How Can Humans Uphold Divine Justice?
A brief note: The Shabbat of Parashat Mishpatim has for several years been designated as “Repro Shabbat” by the National Council for Jewish Women and has since exploded into a holy and wholly excellent opportunity to pursue reproductive justice through a Jewish lens. This d’var Torah is not about reproductive justice because there are people far better equipped than I to take center stage in that discussion. For some fabulous Repro Shabbat Torah and resources, click here and here.
The smoke hasn’t yet cleared from the mountain. God’s holy and un-behold-able Presence is still descended upon the peak, but we’re not privy to it, thank God. We’d certainly die if we beheld the Presence up close or heard the Voice. God speaks to Moshe. He is our eyes, our ears, and our interpreter, thank God. We heard the first bit—the first ten. They were un-unhearable. But what now? Ten Commandments does not a society make.
In Parashat Mishpatim, the Ten Commandments are immediately followed by a more thoroughgoing account of the Israelite legal code. God, through Their intermediary Moshe, reveals some of the particularly sticky, tricky, and challenging cases of civil law. Mishpatim begins to answer the questions “What happens when human beings are slammed together in community? What happens when they disagree, make mistakes, and cause incidental or intentional harm? What happens when they kill each other?”
The parashah addresses the whole gamut of communal regulations: slave law, death penalty, murder and manslaughter, civil family law, and a detailed spectrum of damages and restitution. It is here we receive the following (in)famous injunction towards equality before the law:
וְאִם־אָסוֹן יִהְיֶה וְנָתַתָּה נֶפֶשׁ תַּחַת נָפֶשׁ׃ עַיִן תַּחַת עַיִן שֵׁן תַּחַת שֵׁן יָד תַּחַת יָד רֶגֶל תַּחַת רָגֶל׃
And if there is harm done, you should give life for life. Eye for eye, tooth for tooth, hand for hand, foot for foot.(Exod. 21:23–24)
It’s one of the most recognizable lines in the whole Tanakh, and it’s a compelling section for a number of reasons: Is it meant to be taken literally? Does this principle lead to interminable cycles of revenge? Are these laws to be applied uniformly to kings and courtiers, rich and poor? Prof. Nehama Leibowitz remarks that in roughly contemporaneous Babylonian legal codes, a system of damages and restitution existed that allowed the wealthy to buy their way out of punishment for harm done. Thus, argues contemporary translator and commentator Everett Fox in his footnote on these verses, the Toraitic legal code was meant to set Israel apart: “In Israel this could not be done, and thus we are dealing not with ‘strict justice’ but with strict fairness.’” In other words, while financial compensation for injury may represent a just outcome to an unfortunate situation, the fact that not everyone would be able to afford financial restitution means that, to keep things fair, everyone must be held to the standard of physical restitution in the form of mirrored injury.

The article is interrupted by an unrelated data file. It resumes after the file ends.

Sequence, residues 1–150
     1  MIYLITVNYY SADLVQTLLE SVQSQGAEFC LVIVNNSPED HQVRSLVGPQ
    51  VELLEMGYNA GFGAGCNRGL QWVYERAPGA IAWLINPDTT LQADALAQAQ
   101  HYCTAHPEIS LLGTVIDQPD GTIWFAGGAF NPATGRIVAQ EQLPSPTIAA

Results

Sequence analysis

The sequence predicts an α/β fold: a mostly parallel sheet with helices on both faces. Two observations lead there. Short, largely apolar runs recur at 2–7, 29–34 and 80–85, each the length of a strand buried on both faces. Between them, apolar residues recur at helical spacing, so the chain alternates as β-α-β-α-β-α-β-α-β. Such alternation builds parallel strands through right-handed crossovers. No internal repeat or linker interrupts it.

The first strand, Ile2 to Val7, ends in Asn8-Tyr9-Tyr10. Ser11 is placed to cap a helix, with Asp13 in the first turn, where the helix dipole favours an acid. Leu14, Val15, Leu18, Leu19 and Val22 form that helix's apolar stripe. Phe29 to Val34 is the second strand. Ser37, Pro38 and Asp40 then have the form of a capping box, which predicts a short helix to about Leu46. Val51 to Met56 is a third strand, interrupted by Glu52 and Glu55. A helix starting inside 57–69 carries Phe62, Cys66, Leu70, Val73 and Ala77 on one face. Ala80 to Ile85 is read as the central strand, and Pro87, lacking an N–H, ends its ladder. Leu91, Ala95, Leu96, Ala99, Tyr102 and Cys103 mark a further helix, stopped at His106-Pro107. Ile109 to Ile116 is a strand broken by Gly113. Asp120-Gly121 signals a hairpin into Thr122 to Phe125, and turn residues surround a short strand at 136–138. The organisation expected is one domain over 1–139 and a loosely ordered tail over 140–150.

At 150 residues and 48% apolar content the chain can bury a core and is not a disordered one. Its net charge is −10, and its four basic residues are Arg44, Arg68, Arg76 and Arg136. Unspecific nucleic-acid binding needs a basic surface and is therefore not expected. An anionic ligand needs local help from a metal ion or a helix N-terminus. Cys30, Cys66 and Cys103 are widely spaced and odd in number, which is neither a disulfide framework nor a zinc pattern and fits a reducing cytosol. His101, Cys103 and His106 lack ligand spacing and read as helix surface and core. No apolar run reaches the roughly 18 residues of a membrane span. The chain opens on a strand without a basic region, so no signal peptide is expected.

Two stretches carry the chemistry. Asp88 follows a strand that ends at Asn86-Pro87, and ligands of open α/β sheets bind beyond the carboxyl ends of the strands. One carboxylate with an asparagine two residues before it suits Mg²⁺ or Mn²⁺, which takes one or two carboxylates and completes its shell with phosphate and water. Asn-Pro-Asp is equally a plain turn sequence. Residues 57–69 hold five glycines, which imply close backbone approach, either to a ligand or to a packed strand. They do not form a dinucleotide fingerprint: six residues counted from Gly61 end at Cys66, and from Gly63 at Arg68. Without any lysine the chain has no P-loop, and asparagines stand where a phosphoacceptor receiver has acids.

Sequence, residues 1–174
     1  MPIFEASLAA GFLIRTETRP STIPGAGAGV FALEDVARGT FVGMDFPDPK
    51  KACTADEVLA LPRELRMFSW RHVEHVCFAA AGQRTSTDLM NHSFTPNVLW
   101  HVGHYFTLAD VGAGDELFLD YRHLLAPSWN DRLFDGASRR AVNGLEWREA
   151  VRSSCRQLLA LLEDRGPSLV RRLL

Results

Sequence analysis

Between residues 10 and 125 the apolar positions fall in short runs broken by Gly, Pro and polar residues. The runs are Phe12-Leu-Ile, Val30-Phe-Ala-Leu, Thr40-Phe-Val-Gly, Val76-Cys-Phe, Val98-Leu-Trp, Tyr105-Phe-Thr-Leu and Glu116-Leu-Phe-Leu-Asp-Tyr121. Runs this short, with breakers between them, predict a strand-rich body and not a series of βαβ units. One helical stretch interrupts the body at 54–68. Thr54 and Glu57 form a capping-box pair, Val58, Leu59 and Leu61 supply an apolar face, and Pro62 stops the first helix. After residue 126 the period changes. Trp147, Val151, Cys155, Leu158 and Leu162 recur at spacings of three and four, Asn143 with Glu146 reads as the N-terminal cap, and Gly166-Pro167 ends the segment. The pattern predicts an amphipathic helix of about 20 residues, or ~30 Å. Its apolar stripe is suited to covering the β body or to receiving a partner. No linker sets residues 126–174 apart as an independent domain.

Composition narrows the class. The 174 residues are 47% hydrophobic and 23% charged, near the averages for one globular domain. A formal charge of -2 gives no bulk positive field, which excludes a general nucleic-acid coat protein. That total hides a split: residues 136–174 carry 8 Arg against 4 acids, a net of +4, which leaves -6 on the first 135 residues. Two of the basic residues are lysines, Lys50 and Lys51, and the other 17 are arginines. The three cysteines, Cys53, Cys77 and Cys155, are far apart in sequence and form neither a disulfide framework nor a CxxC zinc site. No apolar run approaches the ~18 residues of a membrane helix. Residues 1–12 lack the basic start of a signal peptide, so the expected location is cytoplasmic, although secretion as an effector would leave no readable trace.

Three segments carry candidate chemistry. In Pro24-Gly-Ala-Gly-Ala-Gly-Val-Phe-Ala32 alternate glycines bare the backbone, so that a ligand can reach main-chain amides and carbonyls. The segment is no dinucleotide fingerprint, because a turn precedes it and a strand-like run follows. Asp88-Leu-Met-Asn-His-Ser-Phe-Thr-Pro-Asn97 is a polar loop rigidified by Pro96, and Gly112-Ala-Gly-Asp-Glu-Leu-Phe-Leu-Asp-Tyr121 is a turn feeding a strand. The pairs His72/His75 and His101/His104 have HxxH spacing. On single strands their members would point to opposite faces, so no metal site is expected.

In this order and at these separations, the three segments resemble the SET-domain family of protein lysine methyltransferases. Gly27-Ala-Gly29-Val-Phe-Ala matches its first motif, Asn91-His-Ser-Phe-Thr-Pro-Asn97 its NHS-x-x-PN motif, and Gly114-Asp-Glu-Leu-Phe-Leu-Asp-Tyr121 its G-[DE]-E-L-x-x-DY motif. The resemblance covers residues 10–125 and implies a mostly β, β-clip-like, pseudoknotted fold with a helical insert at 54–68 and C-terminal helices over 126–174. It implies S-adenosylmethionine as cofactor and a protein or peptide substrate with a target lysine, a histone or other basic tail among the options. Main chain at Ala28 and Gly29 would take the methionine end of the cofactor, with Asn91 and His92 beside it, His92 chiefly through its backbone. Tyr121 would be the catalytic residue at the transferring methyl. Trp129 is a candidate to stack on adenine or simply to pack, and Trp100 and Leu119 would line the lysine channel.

There is something morbidly compelling about this read, that the wealthy and powerful are held to account the same way anyone else would be. But beyond the politics of socio-economic status, I think this passage gets at a deeply human instinct: when someone hurts us, we want to hurt them in just the same way. On its face, the Torah seems to be giving us permission to act on this instinct.